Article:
This where we hit the snag. Training sessions for Steerers Courses are available from HNA and indeed comprise the very waters of which we speak. Naturally, the trainers are fully qualified, including the VHF radio section which all craft over 45 feet have needed for several years. Post training, several people wish to ‘do’ the London Ring, when hiring a boat from us for their families. Unless the steerer has the radio qualification then they are not allowed on the tidal waters.The solution is to take, for the 2½ hours on the tideway, one of HNAs qualified staff on the trip. Prior to my ‘suffering’ in the classroom HNA can boast but a handful of them, hence the decision by committee to get a couple more personnel able, to allow a break for the current holders and to let more hirers to make this fabulous trip through iconic London. Take it from me, you will never, I repeat never see London from such an impressive perspective as this.

So, the day dawned when Ian Maclachlan (a good friend to HNA and former chairman) & myself met at High Wycombe and repaired a few miles to Bisham Abbey Sailing School, on the banks of the Thames near Marlow, where the non-tidal waters do not require such credentials as further downstream on the tideway.

It was a full-on course that was underway by 08:45 and destined not to finish before 17:30 with a short lunch break. It will take a long time before the image of a grown man slotted in behind a desk, struggling to send ‘pretend’ messages and making ‘schoolboy errors’ throughout the day, fades from my memory. No doubt Ian’s view of me engendered the same emotions. Slowly but surely though, our messages ‘tightened up’ and became more accurate and concise as the day wore on. Apologies from the instructor were forthcoming very early in the day as Ian and myself had covered all that was necessary for our needs but, of course, the course was the whole course and nothing but the course—no shortcuts allowed.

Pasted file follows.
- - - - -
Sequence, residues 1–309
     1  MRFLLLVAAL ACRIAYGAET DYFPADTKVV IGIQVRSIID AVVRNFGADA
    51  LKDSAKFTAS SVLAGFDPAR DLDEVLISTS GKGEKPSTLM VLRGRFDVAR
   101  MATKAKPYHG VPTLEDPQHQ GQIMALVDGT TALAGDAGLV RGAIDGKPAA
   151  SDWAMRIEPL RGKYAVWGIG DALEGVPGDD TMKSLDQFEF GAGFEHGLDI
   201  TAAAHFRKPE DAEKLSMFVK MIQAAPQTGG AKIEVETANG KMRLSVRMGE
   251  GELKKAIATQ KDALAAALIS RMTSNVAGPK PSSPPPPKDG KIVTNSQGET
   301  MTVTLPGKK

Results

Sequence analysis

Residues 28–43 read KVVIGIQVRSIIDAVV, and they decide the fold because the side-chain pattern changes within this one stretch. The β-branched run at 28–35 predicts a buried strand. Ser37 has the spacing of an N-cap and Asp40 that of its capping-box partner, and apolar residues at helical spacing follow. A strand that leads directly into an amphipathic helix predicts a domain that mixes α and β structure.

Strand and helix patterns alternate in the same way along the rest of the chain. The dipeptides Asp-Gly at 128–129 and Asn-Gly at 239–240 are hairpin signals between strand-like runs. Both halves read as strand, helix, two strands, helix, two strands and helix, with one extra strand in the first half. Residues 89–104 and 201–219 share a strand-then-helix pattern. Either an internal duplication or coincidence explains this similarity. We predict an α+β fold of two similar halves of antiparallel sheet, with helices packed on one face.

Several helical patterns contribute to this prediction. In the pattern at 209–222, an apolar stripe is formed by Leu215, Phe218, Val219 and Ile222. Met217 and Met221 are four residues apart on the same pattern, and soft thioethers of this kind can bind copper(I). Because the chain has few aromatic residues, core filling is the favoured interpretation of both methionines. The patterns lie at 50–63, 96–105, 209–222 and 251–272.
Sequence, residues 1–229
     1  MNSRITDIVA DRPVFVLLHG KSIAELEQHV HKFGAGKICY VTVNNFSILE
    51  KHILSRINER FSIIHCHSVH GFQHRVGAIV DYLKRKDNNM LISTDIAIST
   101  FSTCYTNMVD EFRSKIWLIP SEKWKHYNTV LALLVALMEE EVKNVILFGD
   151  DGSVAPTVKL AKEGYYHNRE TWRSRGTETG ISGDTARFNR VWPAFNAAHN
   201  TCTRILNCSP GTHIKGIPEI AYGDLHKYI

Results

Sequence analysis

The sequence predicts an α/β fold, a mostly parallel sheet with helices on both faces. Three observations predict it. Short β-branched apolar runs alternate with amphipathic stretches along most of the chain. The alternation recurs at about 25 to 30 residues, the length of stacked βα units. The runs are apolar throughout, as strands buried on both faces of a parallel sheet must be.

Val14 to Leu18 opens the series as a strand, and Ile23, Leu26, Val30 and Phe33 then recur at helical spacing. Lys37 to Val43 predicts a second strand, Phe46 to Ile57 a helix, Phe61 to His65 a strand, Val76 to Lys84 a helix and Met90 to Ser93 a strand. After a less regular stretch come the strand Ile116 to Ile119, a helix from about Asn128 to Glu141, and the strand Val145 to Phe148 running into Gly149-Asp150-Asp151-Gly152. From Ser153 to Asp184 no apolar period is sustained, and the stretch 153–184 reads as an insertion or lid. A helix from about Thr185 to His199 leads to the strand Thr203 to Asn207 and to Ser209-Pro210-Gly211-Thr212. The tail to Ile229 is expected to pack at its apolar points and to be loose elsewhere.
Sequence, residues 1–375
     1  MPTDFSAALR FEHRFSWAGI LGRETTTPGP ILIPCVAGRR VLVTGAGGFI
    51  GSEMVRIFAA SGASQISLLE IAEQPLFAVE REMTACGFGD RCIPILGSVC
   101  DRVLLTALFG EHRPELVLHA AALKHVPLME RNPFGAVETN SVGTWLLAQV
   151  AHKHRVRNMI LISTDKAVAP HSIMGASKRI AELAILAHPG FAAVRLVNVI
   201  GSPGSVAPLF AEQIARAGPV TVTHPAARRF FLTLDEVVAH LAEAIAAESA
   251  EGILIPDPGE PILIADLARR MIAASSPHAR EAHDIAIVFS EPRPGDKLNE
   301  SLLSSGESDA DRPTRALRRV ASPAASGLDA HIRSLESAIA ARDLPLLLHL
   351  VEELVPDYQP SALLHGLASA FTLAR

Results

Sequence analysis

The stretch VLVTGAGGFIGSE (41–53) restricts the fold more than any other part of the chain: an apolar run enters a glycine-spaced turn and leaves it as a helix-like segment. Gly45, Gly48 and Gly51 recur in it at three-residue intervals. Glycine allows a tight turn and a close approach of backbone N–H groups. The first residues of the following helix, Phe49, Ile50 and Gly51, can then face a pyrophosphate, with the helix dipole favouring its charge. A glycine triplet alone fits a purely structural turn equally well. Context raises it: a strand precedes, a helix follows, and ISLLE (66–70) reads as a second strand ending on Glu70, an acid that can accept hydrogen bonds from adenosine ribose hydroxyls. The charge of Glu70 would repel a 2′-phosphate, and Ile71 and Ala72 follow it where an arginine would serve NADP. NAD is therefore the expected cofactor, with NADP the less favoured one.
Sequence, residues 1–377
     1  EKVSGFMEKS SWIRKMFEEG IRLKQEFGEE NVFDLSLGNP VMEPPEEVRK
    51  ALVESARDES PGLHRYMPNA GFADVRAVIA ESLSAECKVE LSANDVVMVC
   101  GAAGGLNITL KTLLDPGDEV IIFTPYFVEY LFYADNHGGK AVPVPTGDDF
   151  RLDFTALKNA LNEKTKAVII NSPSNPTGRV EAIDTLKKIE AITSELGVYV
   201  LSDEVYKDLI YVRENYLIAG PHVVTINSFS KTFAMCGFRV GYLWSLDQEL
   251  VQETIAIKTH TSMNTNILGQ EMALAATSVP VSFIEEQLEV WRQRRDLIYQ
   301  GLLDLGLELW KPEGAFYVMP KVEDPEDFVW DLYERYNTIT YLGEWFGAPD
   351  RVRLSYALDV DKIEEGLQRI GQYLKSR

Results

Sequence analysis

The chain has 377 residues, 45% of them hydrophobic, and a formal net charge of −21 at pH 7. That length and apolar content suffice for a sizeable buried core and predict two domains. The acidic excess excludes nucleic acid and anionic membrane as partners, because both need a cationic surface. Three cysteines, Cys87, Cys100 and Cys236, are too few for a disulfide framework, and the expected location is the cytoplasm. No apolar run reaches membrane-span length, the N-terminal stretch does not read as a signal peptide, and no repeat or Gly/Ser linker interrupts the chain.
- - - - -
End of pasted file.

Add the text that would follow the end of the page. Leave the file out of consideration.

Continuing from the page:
The two other candidates in the room for instance are employed by the Environment Agency and will, I am sure, need a lot more of their qualification to make their jobs run more smoothly.

A few days after this intense classroom experience was over, a buff envelope dropped on my mat. Inside was my licence to operate a VHF radio on the tideway – deep joy – be still my beating heart!!

May 14

Writer’s Block? Nah!

beatriceDoes this happen to anyone else I wonder, those feelings when you have come to the end of a piece of work. A certain glee that you have finished, a bout of sadness that you have indeed finished, guilt that you are not at your computer writing and then that awful gut feeling that you’re finished as a writer.

These are what I experienced recently after completing one adult novel and a children’s book. For the first few months writing time about two hours in the afternoon as far as I’m concerned, was spent researching and writing to agents and publishers interested in my genre. Only to be expected were the inevitable rejection slips, roughly 25%, about 70% didn’t bother to answer (I know, it’s a saturated market thank you) and 5% encouraging words although rejected.